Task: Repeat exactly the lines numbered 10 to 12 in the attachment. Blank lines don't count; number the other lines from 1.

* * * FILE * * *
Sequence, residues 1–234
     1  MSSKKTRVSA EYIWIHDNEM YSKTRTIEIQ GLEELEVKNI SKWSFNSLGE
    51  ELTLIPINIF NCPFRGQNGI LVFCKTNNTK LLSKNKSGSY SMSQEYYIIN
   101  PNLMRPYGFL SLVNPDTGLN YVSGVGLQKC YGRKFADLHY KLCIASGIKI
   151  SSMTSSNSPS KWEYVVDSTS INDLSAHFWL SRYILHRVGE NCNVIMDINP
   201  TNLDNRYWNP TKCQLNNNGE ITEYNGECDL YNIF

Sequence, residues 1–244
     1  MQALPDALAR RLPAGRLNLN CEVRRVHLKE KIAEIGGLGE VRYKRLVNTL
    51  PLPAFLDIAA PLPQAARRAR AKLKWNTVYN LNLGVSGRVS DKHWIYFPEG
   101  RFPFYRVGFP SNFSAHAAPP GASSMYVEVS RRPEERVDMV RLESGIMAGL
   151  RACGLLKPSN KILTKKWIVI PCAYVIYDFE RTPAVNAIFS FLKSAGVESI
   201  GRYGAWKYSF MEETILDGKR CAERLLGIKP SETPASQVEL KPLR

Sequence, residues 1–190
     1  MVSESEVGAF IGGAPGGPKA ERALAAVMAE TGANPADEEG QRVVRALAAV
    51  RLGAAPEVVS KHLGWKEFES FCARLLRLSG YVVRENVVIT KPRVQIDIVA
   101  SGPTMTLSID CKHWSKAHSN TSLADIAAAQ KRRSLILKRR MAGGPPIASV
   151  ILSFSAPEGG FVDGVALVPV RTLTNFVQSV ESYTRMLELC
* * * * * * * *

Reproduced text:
   101  RFPFYRVGFP SNFSAHAAPP GASSMYVEVS RRPEERVDMV RLESGIMAGL
   151  RACGLLKPSN KILTKKWIVI PCAYVIYDFE RTPAVNAIFS FLKSAGVESI
   201  GRYGAWKYSF MEETILDGKR CAERLLGIKP SETPASQVEL KPLR